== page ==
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EXAMINING POLICE INTERROGATION TECHNIQUES: an Introduction

In listening to the discussions of the Netflix documentary, “The Making of a Murderer,” an overwhelming majority of people mention the confession of the 16 year old suspect Brandon Dassey as being particularly disconcerting. Mr. Dassey, was a high school boy with an IQ in the 70’s when he confessed to participating in a sexual assault, kidnapping and murder. He made multiple confessions and recanted the confessions each time.

The combination of his tender age and his borderline mentally retarded/developmentally disabled cognitive abilities made him particularly vulnerable to interrogation techniques employed by an investigator and police. For those who are not familiar with interrogation techniques used against Mr. Dassey, one needs only to study the nine step Reid Technique espoused in Criminal Interrogation and Confessions by Inbau, Reid and Buckley (1986). This book is the authoritative text as to how to obtain a confession. Law enforcement in the United States has embraced this procedure and believe that a truly innocent individual will be able to withstand the psychological trickery and therefore if a confession is obtained, it must be the product of a guilty individual.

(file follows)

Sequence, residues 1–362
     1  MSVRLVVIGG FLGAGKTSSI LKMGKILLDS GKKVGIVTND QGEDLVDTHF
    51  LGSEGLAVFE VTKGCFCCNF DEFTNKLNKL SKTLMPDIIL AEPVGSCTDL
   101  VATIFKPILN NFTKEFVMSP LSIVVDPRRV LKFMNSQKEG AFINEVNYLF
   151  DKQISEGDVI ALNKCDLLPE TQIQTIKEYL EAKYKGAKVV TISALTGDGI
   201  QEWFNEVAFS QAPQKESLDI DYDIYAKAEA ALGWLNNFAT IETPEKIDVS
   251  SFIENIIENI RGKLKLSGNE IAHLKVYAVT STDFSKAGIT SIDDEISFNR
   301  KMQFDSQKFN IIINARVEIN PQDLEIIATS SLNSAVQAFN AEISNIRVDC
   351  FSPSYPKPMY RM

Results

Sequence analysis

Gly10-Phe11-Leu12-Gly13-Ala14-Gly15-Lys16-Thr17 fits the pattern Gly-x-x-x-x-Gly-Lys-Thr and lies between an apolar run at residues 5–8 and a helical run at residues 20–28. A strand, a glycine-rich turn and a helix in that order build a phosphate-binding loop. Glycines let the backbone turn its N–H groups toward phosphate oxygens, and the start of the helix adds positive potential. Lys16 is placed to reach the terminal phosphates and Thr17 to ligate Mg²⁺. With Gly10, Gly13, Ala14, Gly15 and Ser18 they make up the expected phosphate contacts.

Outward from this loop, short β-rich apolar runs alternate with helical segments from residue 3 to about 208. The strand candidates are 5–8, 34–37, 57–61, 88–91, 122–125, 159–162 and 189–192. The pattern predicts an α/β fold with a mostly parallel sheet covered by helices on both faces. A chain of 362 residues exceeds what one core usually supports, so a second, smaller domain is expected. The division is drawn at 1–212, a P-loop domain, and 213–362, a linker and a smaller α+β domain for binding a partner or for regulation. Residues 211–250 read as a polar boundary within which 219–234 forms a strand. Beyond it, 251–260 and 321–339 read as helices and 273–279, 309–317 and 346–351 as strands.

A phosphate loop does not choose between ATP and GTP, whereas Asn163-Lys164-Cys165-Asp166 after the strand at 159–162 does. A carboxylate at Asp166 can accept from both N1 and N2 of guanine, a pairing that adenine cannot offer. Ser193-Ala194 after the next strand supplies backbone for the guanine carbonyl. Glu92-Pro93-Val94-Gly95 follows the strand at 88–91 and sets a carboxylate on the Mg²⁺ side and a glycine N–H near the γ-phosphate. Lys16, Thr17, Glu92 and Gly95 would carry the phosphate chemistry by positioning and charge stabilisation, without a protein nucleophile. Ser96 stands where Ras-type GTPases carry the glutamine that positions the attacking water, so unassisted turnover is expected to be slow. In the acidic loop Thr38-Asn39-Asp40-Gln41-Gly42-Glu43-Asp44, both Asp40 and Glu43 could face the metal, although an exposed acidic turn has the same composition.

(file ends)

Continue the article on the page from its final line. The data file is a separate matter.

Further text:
In order to understand the psychological underpinnings of this nine step approach one must realize that everything from a remote and quiet interrogation room, the placement of chairs, use of a desk, the wearing of civilian clothing etc. is all designed to increase tension and maximize the police officer’s control. The interrogation techniques are aimed at breaking down denials and resistance and thereby increasing the likelihood of a confession. But is the confession accurate?

In subsequent installments of this confession blog series, I will discuss in detail the Reid Technique and the psychological manipulations utilized, why innocent people confess to crimes they did not commit and the dangers inherent in confessions obtained using this technique.